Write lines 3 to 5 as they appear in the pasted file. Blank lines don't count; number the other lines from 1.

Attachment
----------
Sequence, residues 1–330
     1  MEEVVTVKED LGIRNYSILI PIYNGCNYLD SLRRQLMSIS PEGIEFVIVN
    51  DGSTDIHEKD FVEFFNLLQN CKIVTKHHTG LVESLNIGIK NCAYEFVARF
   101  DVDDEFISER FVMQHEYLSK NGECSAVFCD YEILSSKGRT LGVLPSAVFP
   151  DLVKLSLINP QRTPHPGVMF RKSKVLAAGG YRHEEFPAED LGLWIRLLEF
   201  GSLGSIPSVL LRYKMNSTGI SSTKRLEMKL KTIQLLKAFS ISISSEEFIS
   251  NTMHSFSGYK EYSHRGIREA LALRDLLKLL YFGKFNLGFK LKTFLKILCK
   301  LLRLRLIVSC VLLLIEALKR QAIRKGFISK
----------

    51  DGSTDIHEKD FVEFFNLLQN CKIVTKHHTG LVESLNIGIK NCAYEFVARF
   101  DVDDEFISER FVMQHEYLSK NGECSAVFCD YEILSSKGRT LGVLPSAVFP
   151  DLVKLSLINP QRTPHPGVMF RKSKVLAAGG YRHEEFPAED LGLWIRLLEF